Ground reaction forces are also relevant outcome parameters for running analysis (e.g., Cavanagh and Lafortune, 1980; Novacheck, 1998; Riley et al., 2008; Caekenberghe et al., 2013; Clark et al., 2014), since abnormal peak and/or loading rate values can lead to impact and overuse injuries, when the stress/frequency combination is above the runner's threshold (Hreljac, 2004; Milner et al., 2007). However, none of the aforementioned approaches provided users with kinetic information. Efforts to move kinetic analyses out of the laboratory setting have proven to be effective for trunk bending (Faber et al., 2016), gait (Karatsidis et al., 2017), dance (Shippen and May, 2012), and running (Pavei et al., 2017). However, aforementioned approaches require full-body kinematic information. The peak vertical ground reaction forces (vGRF) estimation approach of Charry et al. (2013) relied only on tibial accelerations, but was not suitable for estimation of kinetics during the whole stance phase. An approach relying only on trunk accelerations was not sufficient for vGRF estimation using a mass-spring-damper model (Nedergaard et al., 2017).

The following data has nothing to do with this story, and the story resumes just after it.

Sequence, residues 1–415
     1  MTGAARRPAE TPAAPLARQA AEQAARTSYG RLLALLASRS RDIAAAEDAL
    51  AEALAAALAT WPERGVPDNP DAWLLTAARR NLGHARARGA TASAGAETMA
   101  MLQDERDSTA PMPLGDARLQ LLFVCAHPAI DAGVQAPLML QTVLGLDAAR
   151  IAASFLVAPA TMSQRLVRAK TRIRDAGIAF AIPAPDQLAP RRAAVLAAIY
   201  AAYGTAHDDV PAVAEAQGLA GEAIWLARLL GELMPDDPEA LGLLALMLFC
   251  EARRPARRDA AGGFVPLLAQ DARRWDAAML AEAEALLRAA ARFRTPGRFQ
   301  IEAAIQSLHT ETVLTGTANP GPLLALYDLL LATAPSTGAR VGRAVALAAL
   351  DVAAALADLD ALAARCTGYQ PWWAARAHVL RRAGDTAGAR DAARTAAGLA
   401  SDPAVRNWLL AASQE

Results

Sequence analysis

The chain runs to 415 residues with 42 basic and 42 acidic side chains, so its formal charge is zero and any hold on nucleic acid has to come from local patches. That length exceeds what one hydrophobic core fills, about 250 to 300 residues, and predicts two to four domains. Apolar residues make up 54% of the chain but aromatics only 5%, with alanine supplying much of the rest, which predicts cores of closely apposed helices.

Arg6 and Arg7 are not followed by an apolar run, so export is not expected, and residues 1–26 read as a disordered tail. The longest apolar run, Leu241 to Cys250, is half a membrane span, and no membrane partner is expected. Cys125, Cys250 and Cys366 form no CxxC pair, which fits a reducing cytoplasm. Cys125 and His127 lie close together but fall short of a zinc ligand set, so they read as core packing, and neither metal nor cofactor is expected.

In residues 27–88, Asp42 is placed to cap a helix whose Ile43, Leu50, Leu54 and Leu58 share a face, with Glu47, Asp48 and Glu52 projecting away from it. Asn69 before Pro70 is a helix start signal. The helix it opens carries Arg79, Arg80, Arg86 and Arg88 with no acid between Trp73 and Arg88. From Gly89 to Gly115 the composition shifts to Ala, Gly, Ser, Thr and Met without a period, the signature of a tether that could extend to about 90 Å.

To the best of our knowledge, there is no system that can provide runners with insights in both their kinematics and kinetics in an outdoor setting. The aim of this study is to assess the validity of a method to estimate knee joint angles and vertical ground reaction forces during running using an ambulatory minimal body-worn sensor setup. An ANN is trained to estimate joint angles based on lower leg orientations relative to the pelvis, similar to the approach presented in previous work (Wouda et al., 2016). Corresponding performance is evaluated using both inertial and optical full-body motion capture data. The estimated joint angles in combination with sensor accelerations can be fed into a second ANN which estimates (vertical) ground reaction forces. The proposed method was evaluated using continuous outcomes (vGRF and knee angle profiles) and discrete outcomes (peak vGRF, loading rate, and maximal knee flexion during stance). The findings of this study could have potential for future applications in prevention of running injuries and improvement of running performance.